In light of this, Lyre will not play recordings any louder than 20 dBa. If the user has headphones plugged into their device, the maximum volume extends to 40 dBa. Lyre is an extension of birding, not a tool to harm birds themselves.
information architecture + wireframing
Before starting any sort of information architecture, I went back to my user research. I pulled out a couple key concepts for me to keep in mind for every step of the project.
Anyone with the slightest interest in the birding don’t do it because it’s something that happens. Every single one of these people have an innate desire for knowledge. For them, birding doesn’t stop at seeing a pretty bird.
Birdwatching is about being in the moment, it's an experience you don't want to break. User research emphasized the importance of simplicity in a bird identification app. Keeping the app simple is important to a seamless birdwatching experience.
From here, I created my initial user flows. I made sure the final user flow reflected the two key concepts from above. Solidifying the user flows allows me to move onto the low-fi wireframing stage.
Looking back at the paper prototyping process, it was one of the most integral to my entire IA stage. This process tested whether I had completed and implemented my research correctly. If users can't navigate the interface at its simplest, then how can the final product solve the problem at hand?
I relied on Bandit Testing for the most thorough test results. It is also a helpful tool considering the limited timeline.
in memoriam: the confirmation screen
I thought a confirmation screen would be a great idea! A fun little delight that would appear upon confirming a bird to the user's Sightings, and would display a fun fact. But testing showed that this screen cluttered up the flow, and was an unnecessary extra step.
I focused on balancing the brand personality to be friendly, reliable, and informative. If it ever became too childish, or academic, I would risk driving away potential users. There are already products out there that focus its marketing towards expert birders. Lyre is not that kind of app, but is also meant to foster the curiosity of anyone interested in birds.
The app is named after the groundliving Lyre bird of Australia. When brainstorming names, I was looking for names that either had a bird or music association. The Lyre bird not only fulfills both of these associations, but is also a sound mimicking bird. These aspects of the Lyre bird make it a pretty well rounded name for the app.
When brainstorming the branding process, I went back to the user research. I wanted to keep that feeling of being immersed in nature in the app. I thought about modern visual design and how a lot of apps embrace the usage of white for a simple, clean feel. But looking at a bright, white screen in the middle of a hike takes you out of that experience. That’s why I decided to embrace a primary green hue instead of that jarring #FFFFFF.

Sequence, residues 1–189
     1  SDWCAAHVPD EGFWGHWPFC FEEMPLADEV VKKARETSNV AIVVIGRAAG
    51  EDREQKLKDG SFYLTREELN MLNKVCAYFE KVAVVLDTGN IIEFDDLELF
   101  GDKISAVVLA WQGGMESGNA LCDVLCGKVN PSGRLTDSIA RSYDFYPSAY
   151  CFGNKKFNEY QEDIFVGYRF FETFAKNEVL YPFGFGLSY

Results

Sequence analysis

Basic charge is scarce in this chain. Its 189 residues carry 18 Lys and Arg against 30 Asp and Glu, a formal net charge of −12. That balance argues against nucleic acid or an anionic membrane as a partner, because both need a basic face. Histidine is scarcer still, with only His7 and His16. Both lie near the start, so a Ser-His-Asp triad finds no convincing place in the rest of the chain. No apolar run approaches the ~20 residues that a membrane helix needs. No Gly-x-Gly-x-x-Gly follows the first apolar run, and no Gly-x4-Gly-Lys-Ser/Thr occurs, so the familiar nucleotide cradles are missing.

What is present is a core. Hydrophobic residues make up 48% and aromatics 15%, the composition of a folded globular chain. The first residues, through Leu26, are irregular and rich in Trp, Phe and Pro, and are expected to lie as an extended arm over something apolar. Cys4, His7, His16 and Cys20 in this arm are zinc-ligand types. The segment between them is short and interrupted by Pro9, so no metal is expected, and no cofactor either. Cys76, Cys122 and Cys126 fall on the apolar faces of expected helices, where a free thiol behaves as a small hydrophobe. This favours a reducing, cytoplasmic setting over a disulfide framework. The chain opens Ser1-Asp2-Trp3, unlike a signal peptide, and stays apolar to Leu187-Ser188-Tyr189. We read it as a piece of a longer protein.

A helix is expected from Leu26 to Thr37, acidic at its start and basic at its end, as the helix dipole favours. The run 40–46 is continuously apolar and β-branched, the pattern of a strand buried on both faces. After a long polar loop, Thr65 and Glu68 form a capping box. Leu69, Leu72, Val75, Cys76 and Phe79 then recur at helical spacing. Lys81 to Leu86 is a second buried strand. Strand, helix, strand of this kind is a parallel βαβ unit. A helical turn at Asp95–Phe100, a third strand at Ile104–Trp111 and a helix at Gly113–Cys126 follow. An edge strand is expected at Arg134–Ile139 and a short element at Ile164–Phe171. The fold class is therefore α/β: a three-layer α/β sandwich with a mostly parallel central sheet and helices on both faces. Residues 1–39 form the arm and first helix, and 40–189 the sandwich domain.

I also looked at the visual design of other nature related apps. As expected, I found that most apps embraced the greens and blues associated with nature. Yet, these colour palettes tend to be pretty drab, which is not the personality I want my brand to give off.
One solution could be to implement bright, and warm green hues. But this saturated colour palette would threaten to make Lyre more childish than it actually is. I compromised by keeping the less saturated greens, but using a bright orange to accent it. The pop of this orange is reminiscent to seeing a splash of colourful plumage while birding.
in memoriam: the colourful background
Originally I settled onto the monochrome, light green background for the main screen. Through user testing I learned that the screen was actually drab, which was what I was trying to avoid. I tried livening it up by adding the orange into the background pattern, but then my background pattern wasn't doing its job of staying in the background. I went back to my original drab monochrome background and kept playing around with different contrasts until I could come up with a design that worked well.
building a personal archive with Sightings
Every species of bird that the user has identified gets archived in the Sightings feature. Sightings is a personal database where you can look back at all the birds you've seen. This feature also provides statistics of where and when the user has seen any particular bird.
the primary focus of birding? fun
Lyre rewards users with medals for identifying birds with the app. The medals are categorized by different species of birds. Tapping on a category will show users:
How many birds they’ve seen of a certain species.
Tips on where to find birds of that species.
A list of birds of that species they have, or haven’t yet, identified.